To be a part of PrairieFood’s team is exciting - they are a brilliant group - and to be able to manage and create consistent, reliable communication through photography, video, website design, written content, social media management, and strategic marketing is a fascinating opportunity employing all that Indermaur Media offers.

The story has just begun. Follow it unfold on PrairieFood LinkedIn page.  

Creating a Foundation's Fund Drive Video

Multimedia assignments include capturing both video and photography in an effort to expose a customer’s story. I truly enjoy these projects because they are deeper versions of my roots in photojournalism. As a photojournalist, I learned to move quickly on my feet. Today my team continues to have that creative photojournalism spirit, capturing the client’s visual needs with photography and video to expose their vision for a multitude of uses.

Non- Profit Video Production
Recently, we had a 2-day video and photography assignment in Connecticut to create videos that tell the story of Actuarial Foundation’s Math Motivators program and drive their 2018 capital campaign. Working with a Chicago ad agency, our team of five included an Art Director, our client, Assistant, Makeup Artist, me as the Multimedia Producer.

The mission of the Math Motivators program is to help close the achievement gap by establishing a volunteer-driven math tutoring program that pairs low-income high school students with professional actuaries and college students majoring in actuarial science, mathematics, or math education.

We arrived at University of Connecticut and setup our video studio in a classroom. We prepared to interview program directors, students, volunteer tutors and the Founder of Math Motivators as they expressed their passion for this program. Each person began their interview with the same questions and it expanded based upon their responses. Those interactions allowed us to create an in-depth video that explains the impact that Math Motivators and Actuaries have on the students.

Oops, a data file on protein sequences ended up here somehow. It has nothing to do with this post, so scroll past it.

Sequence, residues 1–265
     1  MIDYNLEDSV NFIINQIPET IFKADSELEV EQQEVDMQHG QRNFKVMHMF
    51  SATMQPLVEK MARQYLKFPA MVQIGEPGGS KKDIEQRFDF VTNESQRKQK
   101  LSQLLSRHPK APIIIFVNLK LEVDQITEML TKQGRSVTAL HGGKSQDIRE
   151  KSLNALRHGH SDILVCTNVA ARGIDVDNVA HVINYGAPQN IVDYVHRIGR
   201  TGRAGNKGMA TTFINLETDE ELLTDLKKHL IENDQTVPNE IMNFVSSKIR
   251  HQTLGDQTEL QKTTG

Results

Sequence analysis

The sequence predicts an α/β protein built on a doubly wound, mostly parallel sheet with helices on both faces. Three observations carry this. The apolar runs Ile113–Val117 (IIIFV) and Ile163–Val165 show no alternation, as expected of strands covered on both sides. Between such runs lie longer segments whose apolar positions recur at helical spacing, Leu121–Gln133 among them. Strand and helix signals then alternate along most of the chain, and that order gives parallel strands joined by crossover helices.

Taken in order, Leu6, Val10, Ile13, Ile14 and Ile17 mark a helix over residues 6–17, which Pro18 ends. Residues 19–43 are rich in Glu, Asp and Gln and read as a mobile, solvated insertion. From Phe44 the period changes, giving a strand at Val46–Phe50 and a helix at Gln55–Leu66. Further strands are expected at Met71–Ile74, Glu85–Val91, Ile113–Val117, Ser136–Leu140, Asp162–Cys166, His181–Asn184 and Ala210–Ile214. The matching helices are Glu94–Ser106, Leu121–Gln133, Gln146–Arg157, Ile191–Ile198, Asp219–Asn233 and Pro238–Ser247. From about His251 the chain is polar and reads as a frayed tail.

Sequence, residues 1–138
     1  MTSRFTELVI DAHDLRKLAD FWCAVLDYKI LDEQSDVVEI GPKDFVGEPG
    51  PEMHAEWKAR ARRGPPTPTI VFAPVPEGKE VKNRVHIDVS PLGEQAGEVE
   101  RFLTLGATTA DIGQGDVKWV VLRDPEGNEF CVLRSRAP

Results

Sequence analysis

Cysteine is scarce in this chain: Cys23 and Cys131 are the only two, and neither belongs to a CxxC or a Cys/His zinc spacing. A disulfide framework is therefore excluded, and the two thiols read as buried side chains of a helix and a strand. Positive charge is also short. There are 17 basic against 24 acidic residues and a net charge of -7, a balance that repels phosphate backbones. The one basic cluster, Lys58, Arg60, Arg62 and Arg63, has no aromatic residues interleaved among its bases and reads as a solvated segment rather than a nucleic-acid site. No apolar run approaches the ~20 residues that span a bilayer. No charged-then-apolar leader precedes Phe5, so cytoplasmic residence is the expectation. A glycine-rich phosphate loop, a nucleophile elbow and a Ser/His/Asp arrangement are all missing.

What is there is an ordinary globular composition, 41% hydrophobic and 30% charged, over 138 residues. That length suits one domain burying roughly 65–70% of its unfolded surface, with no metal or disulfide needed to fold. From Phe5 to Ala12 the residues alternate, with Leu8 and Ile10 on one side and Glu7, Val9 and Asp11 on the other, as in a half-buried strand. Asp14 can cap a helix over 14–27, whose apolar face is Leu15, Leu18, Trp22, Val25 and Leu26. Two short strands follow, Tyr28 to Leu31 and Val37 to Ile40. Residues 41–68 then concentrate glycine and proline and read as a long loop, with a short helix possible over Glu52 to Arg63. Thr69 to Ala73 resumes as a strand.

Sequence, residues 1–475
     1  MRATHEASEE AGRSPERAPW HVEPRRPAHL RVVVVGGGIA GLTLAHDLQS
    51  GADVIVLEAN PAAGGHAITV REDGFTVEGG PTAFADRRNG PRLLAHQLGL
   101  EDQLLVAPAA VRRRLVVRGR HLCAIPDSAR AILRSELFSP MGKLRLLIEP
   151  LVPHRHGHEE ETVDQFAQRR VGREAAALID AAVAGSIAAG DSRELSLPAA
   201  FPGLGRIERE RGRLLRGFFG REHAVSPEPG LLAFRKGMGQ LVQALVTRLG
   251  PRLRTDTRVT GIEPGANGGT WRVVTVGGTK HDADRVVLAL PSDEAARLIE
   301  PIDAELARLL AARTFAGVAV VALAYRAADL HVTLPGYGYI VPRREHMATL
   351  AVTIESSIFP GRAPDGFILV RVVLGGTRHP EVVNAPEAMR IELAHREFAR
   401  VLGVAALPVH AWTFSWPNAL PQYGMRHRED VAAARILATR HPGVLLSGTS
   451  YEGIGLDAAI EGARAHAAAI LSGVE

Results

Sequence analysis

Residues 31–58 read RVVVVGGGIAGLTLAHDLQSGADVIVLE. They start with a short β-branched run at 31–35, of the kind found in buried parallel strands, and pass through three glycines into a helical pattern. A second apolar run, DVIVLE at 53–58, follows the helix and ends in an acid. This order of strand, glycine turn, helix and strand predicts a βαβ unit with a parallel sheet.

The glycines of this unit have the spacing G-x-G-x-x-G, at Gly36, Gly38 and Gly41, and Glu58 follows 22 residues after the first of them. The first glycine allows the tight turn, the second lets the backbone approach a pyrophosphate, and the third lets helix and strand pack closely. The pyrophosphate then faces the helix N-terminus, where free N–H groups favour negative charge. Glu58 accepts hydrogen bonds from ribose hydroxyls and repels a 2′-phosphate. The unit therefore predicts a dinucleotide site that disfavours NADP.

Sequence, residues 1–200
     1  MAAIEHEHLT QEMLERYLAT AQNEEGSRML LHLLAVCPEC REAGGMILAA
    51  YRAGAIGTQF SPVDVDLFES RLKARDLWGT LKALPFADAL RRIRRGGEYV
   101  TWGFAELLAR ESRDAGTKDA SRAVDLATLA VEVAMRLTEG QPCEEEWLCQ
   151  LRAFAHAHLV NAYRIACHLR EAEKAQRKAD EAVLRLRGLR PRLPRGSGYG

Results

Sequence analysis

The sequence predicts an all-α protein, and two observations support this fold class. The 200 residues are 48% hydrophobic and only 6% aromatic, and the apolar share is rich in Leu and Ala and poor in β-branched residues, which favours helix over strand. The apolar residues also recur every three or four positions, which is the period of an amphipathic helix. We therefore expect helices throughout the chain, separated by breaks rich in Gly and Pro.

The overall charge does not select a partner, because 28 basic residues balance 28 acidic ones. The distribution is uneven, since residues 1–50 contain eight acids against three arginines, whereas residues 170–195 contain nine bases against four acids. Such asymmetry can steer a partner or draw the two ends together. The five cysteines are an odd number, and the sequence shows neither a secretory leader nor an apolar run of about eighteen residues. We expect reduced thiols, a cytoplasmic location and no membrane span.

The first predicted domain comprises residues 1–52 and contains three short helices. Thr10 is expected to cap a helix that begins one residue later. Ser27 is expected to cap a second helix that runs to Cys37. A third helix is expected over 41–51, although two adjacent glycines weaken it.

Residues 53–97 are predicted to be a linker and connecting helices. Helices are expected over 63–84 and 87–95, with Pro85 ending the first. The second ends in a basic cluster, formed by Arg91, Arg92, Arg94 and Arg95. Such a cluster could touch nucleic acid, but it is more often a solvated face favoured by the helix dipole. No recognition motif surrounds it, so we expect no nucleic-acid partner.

On the second day we setup our make-shift video production studio in a high school teacher’s lounge. We were able to video and take photographs of students in a Math Motivators tutoring class. I wanted to capture students being tutored and also the concentration and learning they experienced. These photographs and video will be used on their website, in brochures, and as part of their capital campaign.

non-profit video production

In post production, each individual interview was compiled into a video rough cut. The Art Director then selected what clips to use in the final video. The interviews were intertwined to create videos on specific subjects. We added b-roll video of the tutoring sessions to create action in the video and allow us to cut out the "ahs“ and "ums."

We then created the final 8 videos and delivered them.

A few things we learned, and will consider next time: 

1) One unexpected surprise was the our teacher lounge “studio” had a basketball court directly above. There were short periods of time when students were running and doing drills right above us. We did find enough periods of silence to record the interviews, but this was a reminder of the surprises that can come up when creating video on location.  - - There is always some unavoidable and unexpected twist in the road, that will challenge an onsite live production, but it’s one of the reasons why I have always loved on-location video and photography.

2) You may not always have enough b-roll. While we set time aside for photography and b-roll during the tutoring sessions, an additional 30+ minutes would have helped a lot! 

3) By having the Art Director ask the interview questions while my assistant and I handled the cameras and sound, it allowed him to remain focused on the answer, creating a more in-depth discussion, while the crew remained focused on the technical side.

4) A Makeup Artist will always help the subjects relax before being interviewed. They focus on make-up and hair so that the subject looks and feels special - prepared to shine for a great video presentation.